Barenaked seriousness

  • By Alan Sculley / Special to The Herald
  • Thursday, July 22, 2004 9:00pm
  • LifeGo-See-Do

Ed Robertson, guitarist and singer of the Barenaked Ladies, knows his band has been confusing to some people.

With songs that are humorous, ironic, serious and introspective, some people have had trouble deciding just how seriously to take the hit-making Canadian band.

But the Barenaked Ladies CD “Everything to Everyone” contains a song Robertson says offers an insight into how the group members view their music.

“I like ‘Testing 1, 2, 3’ because it approaches that very serious dilemma that we feel, but it’s also a fun song and it’s got some just straight-up jokes in it,” Robertson said. “That to me, it’s kind of the essence of the band. There is a depth there, but it’s also about entertainment, and it’s fun and it’s meant to be enjoyed and it’s meant to be pondered.”

The crux of “Testing 1, 2, 3” evolves around one of the most serious issues a songwriter can consider: Does the music connect with listeners and does anyone care what the songs have to say? The theme seemed even more timely, Robertson said, because songwriting for “Everything To Everyone” happened early in 2003 as the United States’ push to go to war with Iraq was causing many musicians to ponder their role in the debate over the issue.

“It was a strange time to write a record. It was bizarre,” Robertson said. “We’d get together in our basement and Colin Powell would be in the background on TV presenting the smoking gun to the U.N. It didn’t seem to have that much smoke, that gun actually. … But it was just a strange time, and there were all these polls on TV. ‘Do you care what celebrities think?’

“Celebrities were vilified for speaking out against the war,” he said. “It was just weird. So here we are in our basement in Toronto going ‘OK, do people care what we have to say about anything?’ So we just decided, ‘Well let’s just write what we’re thinking about and see what comes out.’ “

As it turned out, the Barenaked Ladies didn’t write any songs that dealt with global issues. But given the way critics have frequently dismissed the band as lightweight, the Barenaked Ladies didn’t need a debate over war to make the questions raised by “Testing 1, 2, 3” a fitting issue.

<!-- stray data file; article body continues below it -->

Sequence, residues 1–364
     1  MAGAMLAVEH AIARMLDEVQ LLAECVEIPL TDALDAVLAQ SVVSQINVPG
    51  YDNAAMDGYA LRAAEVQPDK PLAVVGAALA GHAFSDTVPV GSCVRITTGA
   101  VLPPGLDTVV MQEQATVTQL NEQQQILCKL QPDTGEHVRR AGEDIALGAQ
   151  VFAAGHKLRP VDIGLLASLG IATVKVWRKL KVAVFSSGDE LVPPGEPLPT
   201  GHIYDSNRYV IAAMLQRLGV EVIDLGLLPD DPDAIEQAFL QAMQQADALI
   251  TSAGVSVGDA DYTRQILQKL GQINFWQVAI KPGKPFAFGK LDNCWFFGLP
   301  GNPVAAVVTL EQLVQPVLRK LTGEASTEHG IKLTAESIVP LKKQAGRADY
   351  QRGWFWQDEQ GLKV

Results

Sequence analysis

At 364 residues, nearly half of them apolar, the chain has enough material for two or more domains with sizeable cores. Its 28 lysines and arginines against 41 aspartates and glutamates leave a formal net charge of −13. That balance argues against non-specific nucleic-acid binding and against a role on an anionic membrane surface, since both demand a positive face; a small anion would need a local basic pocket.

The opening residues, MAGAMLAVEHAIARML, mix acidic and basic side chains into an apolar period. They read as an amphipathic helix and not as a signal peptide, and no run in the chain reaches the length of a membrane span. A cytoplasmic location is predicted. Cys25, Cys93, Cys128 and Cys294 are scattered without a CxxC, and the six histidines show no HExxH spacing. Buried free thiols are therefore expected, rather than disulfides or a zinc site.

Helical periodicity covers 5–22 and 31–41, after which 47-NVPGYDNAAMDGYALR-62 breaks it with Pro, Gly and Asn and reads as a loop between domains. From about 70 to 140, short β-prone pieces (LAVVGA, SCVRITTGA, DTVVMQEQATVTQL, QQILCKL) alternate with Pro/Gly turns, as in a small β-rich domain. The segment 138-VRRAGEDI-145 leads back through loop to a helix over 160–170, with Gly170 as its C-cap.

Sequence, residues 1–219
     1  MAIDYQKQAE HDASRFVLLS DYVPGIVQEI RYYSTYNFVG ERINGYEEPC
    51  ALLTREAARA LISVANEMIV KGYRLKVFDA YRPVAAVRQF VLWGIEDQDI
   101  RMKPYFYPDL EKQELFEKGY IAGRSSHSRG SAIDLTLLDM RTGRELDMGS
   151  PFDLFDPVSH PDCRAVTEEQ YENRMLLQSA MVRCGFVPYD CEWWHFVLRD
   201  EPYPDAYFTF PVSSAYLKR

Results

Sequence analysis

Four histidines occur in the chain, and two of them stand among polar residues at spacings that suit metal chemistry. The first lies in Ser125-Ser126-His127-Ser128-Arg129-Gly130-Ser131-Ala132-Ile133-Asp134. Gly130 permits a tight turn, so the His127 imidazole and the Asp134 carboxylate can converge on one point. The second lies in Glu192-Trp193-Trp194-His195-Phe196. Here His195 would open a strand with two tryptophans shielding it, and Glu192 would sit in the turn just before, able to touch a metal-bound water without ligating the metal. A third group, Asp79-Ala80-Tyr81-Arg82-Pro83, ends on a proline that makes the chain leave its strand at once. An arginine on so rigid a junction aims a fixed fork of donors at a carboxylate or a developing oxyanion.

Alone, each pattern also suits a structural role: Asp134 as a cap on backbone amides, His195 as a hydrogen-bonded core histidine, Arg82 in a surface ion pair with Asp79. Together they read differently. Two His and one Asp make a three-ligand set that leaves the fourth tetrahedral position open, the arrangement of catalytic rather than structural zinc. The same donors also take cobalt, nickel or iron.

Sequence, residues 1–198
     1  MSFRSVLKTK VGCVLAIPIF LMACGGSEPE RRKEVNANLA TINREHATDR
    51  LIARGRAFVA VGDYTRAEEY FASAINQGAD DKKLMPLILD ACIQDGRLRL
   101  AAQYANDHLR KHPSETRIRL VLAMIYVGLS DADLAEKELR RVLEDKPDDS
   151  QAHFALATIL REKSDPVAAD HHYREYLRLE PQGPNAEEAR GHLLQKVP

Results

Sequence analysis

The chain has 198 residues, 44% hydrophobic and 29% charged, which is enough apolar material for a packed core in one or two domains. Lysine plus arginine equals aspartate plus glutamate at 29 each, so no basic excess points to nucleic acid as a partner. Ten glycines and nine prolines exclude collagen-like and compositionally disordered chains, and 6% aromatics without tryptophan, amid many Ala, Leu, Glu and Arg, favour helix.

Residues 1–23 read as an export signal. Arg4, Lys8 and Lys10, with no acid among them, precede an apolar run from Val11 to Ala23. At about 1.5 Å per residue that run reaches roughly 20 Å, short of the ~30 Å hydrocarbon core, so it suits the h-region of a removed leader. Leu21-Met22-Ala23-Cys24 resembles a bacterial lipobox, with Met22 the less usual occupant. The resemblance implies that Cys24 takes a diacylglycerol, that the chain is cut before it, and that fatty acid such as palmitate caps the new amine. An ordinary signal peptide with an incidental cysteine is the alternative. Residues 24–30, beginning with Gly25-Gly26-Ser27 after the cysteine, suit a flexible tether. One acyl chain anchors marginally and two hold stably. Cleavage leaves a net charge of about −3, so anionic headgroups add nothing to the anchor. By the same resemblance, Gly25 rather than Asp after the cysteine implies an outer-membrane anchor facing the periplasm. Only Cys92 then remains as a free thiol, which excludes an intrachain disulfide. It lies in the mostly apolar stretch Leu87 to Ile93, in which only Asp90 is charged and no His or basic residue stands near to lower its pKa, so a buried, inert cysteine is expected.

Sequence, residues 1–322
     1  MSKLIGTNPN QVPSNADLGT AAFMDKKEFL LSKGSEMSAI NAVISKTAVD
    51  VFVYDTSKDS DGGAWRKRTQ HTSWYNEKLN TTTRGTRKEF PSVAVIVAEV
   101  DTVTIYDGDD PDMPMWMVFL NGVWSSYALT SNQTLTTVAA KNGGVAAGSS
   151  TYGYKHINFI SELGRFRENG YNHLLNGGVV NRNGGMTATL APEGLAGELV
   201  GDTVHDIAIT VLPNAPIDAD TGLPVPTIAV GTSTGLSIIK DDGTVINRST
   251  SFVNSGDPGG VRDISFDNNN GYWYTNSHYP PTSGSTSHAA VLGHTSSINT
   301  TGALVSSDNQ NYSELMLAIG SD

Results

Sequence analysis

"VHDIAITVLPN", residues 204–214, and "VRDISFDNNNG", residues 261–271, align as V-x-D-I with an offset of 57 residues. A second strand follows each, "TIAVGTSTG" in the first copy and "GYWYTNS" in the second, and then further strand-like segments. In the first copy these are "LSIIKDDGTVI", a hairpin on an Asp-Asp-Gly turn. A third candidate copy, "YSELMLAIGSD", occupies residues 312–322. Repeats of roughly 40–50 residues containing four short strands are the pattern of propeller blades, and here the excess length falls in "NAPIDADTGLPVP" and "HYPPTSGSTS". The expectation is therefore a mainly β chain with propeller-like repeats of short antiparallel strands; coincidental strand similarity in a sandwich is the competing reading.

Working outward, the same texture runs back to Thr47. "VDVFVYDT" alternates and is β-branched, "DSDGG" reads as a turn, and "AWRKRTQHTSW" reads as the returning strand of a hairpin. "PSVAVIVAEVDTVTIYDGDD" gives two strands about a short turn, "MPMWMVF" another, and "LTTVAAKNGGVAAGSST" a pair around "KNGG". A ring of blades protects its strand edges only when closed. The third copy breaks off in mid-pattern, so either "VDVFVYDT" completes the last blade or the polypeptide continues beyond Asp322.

“It’s something that we have struggled with since the very beginning. And I understand it,” Robertson said. “We’re confusing. Our singles have been songs like ‘One Week’ and ‘(If I Had A) Million Dollars,’ and people see us goofing around, and we’re often very ironic and our presentation of ourselves is often very over the top. And so to a degree it’s our fault.”

The “Everything to Everyone” CD might do as much as any Barenaked Ladies CD to draw attention to the group’s more serious side. In addition to “Testing 1, 2, 3,” the CD includes “War on Drugs,” which deals with despair, desperation and death with compassion and sadness. “Aluminum” has plenty of bite in likening a person’s shallowness and deceit to the difference between silver and aluminum: “You can shine all you want / But you’re just aluminum.” Even a tune like “Celebrity,” with its cheeky rhymes in the opening verses gives way to far more serious content.

Up to now, virtually all of the band’s material had been co-written by Robertson and singer and guitarist Steven Page. For “Everything to Everyone,” though, the other group members – bassist Jim Creeggan, keyboardist Kevin Hearn and drummer Tyler Stewart – were brought fully into the creative process.

“It was an amazing process,” Robertson said. “It was great to have the input of other writers.”

Barenaked Ladies

And Alanis Morrisette: 7 p.m. Sunday, White River Amphitheatre, Auburn. $21.26-$46.25, 206-628-0888.

Barenaked Ladies

And Alanis Morrisette: 7 p.m. Sunday, White River Amphitheatre, Auburn. $21.26-$46.25, 206-628-0888.

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